The Lord Balfour Hotel was designed in 1940 by the architect Anton Skislewicz and is a fine example of a Miami Art Deco building.
Born in Dubrovnik in 1895, Skislewicz graduated in Architecture from Columbia University in 1929. In 1934, during the Great Depression, he moved to Miami to take advantage of the opportunities offered by the new tourism industry emerging in Miami Beach, which was generating a great demand for new buildings and facilities.
He designed the Hotel Lord Balfour in a U-shape, with a quiet terrace within, overlooked by the interior rooms not facing the street; something novel at a time when other architects were only concerned with the composition of facades.
All Skislewicz-designed hotels share a concern for functionality and an effort to ensure all rooms not facing the street were bright and offered pleasant views. Here, the courtyard becomes the heart of the hotel, and is given continuity with interior spaces through the magnificent terrazzo floor.
Skislewicz was passionate about the world of aeronautics and the motor industry, and this is evident in his designs. He worked with planes and lines and contrasts of full and empty spaces and lines in order to create his accelerated, machine-like designs, rejecting the decorative elements typical of other architects at the time. In the Lord Balfour we can appreciate this in all its glory.
The building is located at an important intersection, of Ocean Drive Avenue and 4th street. In order to emphasize the corner, Skislewicz marks the verticality by means of a façade composition that alternates full and empty spaces. Thus, long narrow windows are contrasted with solid walls. This trait is similar to other Skislewicz designs in Miami which stress the corner as a main element.
In other cases, the entrance was placed at the corner, but here he masterfully moved it to one of the sides, facing the interior courtyard, generating a beautiful play of visual transparency. He also elevated the entrance just thirty centimeters above street level (which is less than the standard for the local hotels), also adding more depth to it. Those thirty centimeters are enough to generate a more intimate space, without losing continuity with the street and a more human scale.
On the ground floor, an impressive, high ledge breaks the verticality of the corner, generating a powerful contrast. On the upper floors, less pronounced ledges are broken to give priority to vertical elements at the corners, with just a small ledge remaining, which in turn highlights the corner windows.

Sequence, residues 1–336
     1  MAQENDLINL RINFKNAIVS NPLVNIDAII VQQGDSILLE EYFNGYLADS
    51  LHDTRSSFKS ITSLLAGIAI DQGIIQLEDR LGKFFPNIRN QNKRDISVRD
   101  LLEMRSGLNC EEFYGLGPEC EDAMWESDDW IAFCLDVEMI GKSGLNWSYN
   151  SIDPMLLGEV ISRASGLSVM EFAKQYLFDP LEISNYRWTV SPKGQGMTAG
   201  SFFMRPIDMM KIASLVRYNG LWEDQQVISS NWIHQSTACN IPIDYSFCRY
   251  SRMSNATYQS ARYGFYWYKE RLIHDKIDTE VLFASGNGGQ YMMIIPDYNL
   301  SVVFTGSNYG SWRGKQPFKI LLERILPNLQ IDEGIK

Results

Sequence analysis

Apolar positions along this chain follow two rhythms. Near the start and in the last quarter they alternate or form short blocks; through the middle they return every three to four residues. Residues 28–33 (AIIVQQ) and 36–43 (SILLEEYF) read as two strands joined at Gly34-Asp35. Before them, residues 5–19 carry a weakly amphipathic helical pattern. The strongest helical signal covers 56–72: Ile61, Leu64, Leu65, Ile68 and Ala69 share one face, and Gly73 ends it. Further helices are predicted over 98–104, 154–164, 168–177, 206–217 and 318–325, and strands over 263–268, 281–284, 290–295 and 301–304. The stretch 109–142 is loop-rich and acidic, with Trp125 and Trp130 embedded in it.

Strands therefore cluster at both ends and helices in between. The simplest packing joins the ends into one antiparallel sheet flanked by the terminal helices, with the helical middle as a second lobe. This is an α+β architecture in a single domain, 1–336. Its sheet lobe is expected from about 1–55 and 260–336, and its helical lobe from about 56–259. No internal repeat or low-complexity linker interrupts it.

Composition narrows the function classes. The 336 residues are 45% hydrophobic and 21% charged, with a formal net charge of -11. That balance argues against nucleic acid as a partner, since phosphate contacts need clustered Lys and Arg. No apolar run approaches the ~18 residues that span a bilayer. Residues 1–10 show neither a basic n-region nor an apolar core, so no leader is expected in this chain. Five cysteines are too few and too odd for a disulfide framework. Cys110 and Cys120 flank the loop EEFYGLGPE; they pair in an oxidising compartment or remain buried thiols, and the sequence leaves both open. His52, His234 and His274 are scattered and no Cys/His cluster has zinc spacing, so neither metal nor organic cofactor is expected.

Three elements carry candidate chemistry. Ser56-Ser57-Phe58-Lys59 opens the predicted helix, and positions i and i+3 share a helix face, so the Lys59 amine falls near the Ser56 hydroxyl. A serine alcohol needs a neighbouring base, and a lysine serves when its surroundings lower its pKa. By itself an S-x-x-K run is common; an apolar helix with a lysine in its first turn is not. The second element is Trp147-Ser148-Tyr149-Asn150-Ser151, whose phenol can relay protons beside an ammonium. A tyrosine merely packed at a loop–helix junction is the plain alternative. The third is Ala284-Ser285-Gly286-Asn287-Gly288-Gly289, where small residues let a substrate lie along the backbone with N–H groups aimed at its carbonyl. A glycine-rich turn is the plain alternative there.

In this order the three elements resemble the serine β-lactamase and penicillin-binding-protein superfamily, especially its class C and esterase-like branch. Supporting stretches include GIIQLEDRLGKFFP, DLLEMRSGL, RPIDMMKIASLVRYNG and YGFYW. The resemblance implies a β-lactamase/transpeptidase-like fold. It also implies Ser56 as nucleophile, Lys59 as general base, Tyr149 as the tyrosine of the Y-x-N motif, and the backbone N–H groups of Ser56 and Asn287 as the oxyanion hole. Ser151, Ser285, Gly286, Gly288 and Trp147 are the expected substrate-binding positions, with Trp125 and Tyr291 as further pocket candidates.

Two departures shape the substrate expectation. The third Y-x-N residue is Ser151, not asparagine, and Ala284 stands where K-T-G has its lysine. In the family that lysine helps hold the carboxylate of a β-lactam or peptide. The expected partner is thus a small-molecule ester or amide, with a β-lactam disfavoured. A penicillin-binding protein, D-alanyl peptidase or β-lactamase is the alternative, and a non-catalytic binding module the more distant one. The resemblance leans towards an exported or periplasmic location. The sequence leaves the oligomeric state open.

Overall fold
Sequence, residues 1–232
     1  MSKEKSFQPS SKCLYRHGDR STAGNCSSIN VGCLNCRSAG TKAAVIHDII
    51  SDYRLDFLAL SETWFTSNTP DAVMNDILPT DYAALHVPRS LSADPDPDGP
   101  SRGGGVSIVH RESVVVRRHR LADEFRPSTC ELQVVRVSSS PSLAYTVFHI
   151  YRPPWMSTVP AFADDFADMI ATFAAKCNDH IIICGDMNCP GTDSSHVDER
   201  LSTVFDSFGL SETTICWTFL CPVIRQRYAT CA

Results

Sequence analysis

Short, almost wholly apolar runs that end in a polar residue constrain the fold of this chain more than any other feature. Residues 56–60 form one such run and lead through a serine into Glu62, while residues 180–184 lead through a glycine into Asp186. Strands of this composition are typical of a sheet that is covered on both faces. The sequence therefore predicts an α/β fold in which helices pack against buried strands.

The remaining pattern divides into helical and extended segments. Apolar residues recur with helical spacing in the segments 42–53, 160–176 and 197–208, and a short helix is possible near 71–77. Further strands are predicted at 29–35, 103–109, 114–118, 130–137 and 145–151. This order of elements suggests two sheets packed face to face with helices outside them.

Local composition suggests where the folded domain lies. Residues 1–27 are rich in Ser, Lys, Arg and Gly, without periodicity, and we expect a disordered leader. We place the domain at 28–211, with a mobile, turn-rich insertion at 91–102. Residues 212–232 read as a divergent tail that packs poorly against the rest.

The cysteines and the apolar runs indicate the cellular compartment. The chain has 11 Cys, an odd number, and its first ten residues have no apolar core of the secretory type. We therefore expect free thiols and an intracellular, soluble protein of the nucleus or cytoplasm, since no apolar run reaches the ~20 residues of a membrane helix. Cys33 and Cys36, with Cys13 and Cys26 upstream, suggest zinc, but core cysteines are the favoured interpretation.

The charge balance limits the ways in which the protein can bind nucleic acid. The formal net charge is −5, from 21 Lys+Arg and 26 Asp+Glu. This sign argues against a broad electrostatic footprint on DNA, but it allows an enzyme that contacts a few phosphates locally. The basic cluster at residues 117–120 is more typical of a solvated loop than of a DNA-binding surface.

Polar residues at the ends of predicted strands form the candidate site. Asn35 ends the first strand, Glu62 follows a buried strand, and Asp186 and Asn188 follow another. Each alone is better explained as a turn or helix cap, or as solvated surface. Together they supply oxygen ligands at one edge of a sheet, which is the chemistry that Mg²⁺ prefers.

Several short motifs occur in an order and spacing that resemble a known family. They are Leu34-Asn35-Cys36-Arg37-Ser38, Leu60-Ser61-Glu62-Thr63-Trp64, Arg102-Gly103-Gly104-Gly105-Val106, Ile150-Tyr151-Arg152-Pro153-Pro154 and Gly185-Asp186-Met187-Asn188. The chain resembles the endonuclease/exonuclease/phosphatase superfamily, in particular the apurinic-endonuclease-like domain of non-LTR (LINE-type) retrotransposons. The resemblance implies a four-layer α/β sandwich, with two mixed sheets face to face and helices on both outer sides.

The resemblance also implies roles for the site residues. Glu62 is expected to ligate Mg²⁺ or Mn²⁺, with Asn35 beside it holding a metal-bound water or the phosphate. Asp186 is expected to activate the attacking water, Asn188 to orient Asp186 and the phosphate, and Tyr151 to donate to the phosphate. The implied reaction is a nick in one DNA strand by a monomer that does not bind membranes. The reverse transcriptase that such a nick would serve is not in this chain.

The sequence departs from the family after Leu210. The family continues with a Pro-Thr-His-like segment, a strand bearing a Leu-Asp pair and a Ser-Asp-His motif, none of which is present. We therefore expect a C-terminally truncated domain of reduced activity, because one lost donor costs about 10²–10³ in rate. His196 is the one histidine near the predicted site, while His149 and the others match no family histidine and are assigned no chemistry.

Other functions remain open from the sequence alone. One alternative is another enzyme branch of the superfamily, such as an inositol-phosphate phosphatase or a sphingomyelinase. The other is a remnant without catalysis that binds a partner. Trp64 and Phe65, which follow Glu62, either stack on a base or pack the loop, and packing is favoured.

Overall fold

An extension is currently under construction, designed by the interior architect Nacho Garcia de Vinuesa. In line with the idea of an interior terrace, the extension is also U-shaped, facing the existing building and thus continuing the interior terrace in the extension, providing an excellent union between both buildings.
Who was Lord Balfour?
All hotels designed and built between 1930 and 1950 in Miami were named after holiday destinations, exotic places, the sea or the beach. Even the Lord Balfour was run for many years under the name “Wave Hotel”. So why is a hotel located in such a popular tourist destination named after someone like Lord Balfour?
Lord Balfour (Arthur James Balfour) was an important British politician who held a number of positions of responsibility throughout his life, serving as Prime Minister from 1902 to 1905, and greatly influencing 20th century history.
Throughout his life he maintained an interest in the study of certain topics that interested him, specifically science and philosophy. In Victorian society there was an impassioned debate about the relationship between science and religion, which Lord Balfour was no stranger to, contributing several essays.
“Enthusiasm moves the world.” Arthur Balfour
Lord Balfour died in 1930, and the hotel was built in 1940. The reasons why this hotel was originally named after him are still unknown. Malcolm Berg, the architect responsible for the building’s renovation in 2011 and who explored its history in-depth said, “We know exactly who Lord Balfour was, however why the hotel was named after him remains a mystery to us”.
I invite you to discover the thinking of this figure, who so greatly influenced the last century, through a number of quotes inscribed on the ceiling of the lobby of Hotel Room Mate Lord Balfour.
Article written by Ramon Fernandez